Looking up on a clear night, it isn’t immediately obvious that about half of the stars shining in the sky are actually double (or more) star systems.
By the numbers, this means that any given star is about twice as likely to have at least one companion.
The most famous naked-eye multiple-star system is the “Horse and Rider” in the Big Dipper, the star — visually, the pair of stars — that give the Dipper’s handle its crook. Astronomers have determined that the fainter of these two stars, Alcor, is itself a double star; and the brighter of the two, Mizar, is a double-double system.
The “Horse and Rider” is a sextuple star system that lies about 83 light-years from the sun.
If a star is part of a binary star system, then both stars orbit each other, going around in a time that depends on the stars’ masses and how far apart they are. The more massive the pair of stars and the closer they are to one another, the more quickly they orbit.
A reasonable separation distance for binary stars is about 1 light-year; a reasonable orbit time is about 25 million years.
How would we know if Sol (the sun) had a companion? Wouldn’t we expect to see a really bright star somewhere in the sky if Sol had a companion?
Not necessarily. The brightest star in the night sky — named Sirius, in the constellation Canis Major — is almost nine light-years away. It is not the closest star we know.
As far as astronomers have been able to determine so far, the star closest to Sol lies in the mostly southern-hemisphere constellation Centaurus.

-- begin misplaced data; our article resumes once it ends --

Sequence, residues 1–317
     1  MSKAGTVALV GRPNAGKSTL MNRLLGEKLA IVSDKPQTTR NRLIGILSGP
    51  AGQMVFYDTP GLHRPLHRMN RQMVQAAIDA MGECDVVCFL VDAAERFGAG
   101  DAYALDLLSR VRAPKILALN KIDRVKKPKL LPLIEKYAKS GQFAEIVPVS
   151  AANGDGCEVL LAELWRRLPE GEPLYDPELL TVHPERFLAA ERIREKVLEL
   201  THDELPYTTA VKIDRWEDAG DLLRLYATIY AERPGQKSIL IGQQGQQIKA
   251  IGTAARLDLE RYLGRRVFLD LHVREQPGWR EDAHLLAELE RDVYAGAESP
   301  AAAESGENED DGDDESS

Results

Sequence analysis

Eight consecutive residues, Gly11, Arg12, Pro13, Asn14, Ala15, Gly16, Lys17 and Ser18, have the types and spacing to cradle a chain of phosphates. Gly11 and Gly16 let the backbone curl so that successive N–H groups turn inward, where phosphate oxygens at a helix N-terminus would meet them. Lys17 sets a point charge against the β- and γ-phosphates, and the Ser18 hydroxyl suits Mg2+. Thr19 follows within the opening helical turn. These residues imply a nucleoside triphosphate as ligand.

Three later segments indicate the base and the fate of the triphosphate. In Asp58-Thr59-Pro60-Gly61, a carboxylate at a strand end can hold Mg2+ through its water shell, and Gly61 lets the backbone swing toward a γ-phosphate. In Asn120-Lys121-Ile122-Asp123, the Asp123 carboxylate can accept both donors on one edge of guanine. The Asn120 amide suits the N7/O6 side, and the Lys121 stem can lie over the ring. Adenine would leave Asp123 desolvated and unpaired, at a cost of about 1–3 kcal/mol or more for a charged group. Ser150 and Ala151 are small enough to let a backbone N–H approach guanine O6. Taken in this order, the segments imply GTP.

At a distance of 4.2 light-years, the star named Proxima Centauri is the closest to Sol, yet it cannot be seen with the naked eye. Proxima Centauri can’t be seen because it is a so-called red-dwarf star. It is very cool, with a surface temperature about half that of Sol; and it is very small, only about one-seventh the diameter of Sol.
Sol’s nearest neighbor shines with an intrinsic brightness just 0.2 percent that of Sol.
This gets astronomers wondering: Are there any other stars like Proxima Centauri near the sun?
The idea that Sol has a companion derives from a periodic pattern some scientists claim to see in mass extinction episodes evident in the geologic record.
These scientists claim evidence that every 25 million years or so, life on Earth is challenged by episodes of heavy bombardment by meteors. They claim these episodes are induced by a death-star companion orbiting Sol with the same period.
But searches for Nemesis have not so far been revealing.
Surely, very cool, small, faint stars are abundant in the solar neighborhood; and in the Milky Way Galaxy at large.
If one was about a light-year or so from Sol, we should be able to find it. So far, we haven’t.
The results of a current NASA mission named Wide-field Infrared Survey Explorer should be definitive. It is surveying the entire sky for faint, cool objects; and is about half-way done, not yet finding any star closer than Proxima Centauri.
So, presently, I don’t believe Sol is a binary — with a death-star companion hypothetically named Nemesis that periodically pummels Earth with interplanetary debris.
— By Doug Furton, a member of the physics faculty at GVSU. Send questions and suggestions to firstname.lastname@example.org.